War of the Rebellion: Serial 109 Page 0750 Chapter LXIII. MD., E. N. C., PA., VA., EXCEPT S. W., & W. VA.

Search Civil War Official Records

former position in rear of Fredericksburg than myself that I hesitate to express an opinion; but as you request it, will say that because of the facility with which your former position may be turned or approached from the rear, and its proximity to the enemy's base, it would seem to me more advisable to take a position farther to the rear before accepting the offer of battle. A well selected position, which would enable the troops covering Richmond to unite with the Army of Northern Virginia without exposing the capital to attack by a hostile force on the Peninsula, whould seem better suited to our condition of numerical inferiority. If such a position were selected and strongly intrenched and supplied with siege batteries, it might be possible by falling back upon, it after the enemy advanced to attack, to draw him upon our lines of defense. I assume that he would not attack you in an intrenched position unless draw upon it by strategy, as the country is so open that he may easily avoind a fortified locality. If he advances in the direction indicated by your telegram, my recollection of the topography is that a strong position may be taken on the south side of the Rapidan, where this bank commands than on the north and where the approaches to the river are over open fields. My observation was, however, very limited, and I have no reliable map for reference. For what purpose would the enemy move his main force toward Gordonsville? Can it be to sever Richmond from the west? Or is it to try a new route to the capital? The siege of Charleston progresses slowly, but there are reports of re-enforcements to the enemy. if true, it will require us to send troops to Beauregard. I think we can withdraw them from Johnston's army. I will not disturb your mind by reciting my troubles about distant operations. You were requred in the field and I deprived myself of the support you gave me here. I need your counsel, but strive to meet the requirements of the hour without distracting your attention at a time when it should be concentrated on the field before you.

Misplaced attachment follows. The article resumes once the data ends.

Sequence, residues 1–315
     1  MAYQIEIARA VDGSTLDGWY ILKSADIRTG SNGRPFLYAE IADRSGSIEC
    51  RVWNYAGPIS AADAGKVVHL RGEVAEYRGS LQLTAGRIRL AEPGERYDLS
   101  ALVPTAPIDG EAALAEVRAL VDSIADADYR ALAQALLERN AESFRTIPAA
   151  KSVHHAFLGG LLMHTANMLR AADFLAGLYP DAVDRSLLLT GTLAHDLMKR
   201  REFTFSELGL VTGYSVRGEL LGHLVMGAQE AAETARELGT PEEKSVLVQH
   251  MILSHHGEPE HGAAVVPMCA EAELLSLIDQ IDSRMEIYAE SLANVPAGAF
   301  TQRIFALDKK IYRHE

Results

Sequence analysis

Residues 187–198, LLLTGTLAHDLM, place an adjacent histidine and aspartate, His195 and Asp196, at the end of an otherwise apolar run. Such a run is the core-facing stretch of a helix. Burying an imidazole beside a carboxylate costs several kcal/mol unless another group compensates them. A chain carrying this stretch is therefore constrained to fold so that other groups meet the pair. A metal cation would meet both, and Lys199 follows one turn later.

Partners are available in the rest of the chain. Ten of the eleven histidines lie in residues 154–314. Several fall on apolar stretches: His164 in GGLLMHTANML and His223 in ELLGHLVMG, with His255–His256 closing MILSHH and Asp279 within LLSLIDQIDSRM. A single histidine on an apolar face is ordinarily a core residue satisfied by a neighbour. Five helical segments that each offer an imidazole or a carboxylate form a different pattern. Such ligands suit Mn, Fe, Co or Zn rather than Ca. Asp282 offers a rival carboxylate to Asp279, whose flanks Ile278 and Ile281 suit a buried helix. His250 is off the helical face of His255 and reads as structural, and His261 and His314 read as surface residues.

As never, truly, your friend,




August 3, 1863-9 a. m.

[General R. E. LEE:]

GENERAL: No change since yesterday perceptible. Scouths were near the bridge last night and report incessant work as if on bridge. The same heavy dust prevails this side of the bridge as yesterday. I am disposed to believe enemy will entertain us with a threat of advance and wait for re-enforcements. The very improbable part of the report of prisoners to General Fitz. Lee is that the Twelfth Corps was moving so secretly. Now, if the Twelfth Corps crosses over here it is very importable that that corps would be taken back for the flank movement. I sent some scouts across below here and some above in addition to those already over. Just heard from Amissville. At least a brigade of cavalry still there. Last night a rumbling of wagons was heard at Beverly all night moving from the direction of Warrenton to Rappahannock bridge. It was not heard to proceed beyond that point. There are no facts on which we can predicate a conclusion yet, but we will watch the enemy. Two notes received this morning. Fitz. Lee will not come while there is any prospect of an advance.

Most respectfully,